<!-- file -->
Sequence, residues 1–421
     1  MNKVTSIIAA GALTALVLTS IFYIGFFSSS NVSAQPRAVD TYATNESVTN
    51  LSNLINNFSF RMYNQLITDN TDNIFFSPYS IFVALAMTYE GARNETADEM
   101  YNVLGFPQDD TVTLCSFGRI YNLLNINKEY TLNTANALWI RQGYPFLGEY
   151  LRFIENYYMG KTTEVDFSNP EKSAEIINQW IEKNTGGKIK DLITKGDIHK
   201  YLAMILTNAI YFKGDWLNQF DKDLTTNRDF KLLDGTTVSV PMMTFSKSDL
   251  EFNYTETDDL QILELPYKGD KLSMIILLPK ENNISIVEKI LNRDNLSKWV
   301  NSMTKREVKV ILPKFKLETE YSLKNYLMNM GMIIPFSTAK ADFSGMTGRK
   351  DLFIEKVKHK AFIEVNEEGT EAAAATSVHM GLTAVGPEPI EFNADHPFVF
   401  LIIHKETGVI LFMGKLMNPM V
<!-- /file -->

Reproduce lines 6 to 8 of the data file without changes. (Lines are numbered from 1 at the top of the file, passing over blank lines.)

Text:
   201  YLAMILTNAI YFKGDWLNQF DKDLTTNRDF KLLDGTTVSV PMMTFSKSDL
   251  EFNYTETDDL QILELPYKGD KLSMIILLPK ENNISIVEKI LNRDNLSKWV
   301  NSMTKREVKV ILPKFKLETE YSLKNYLMNM GMIIPFSTAK ADFSGMTGRK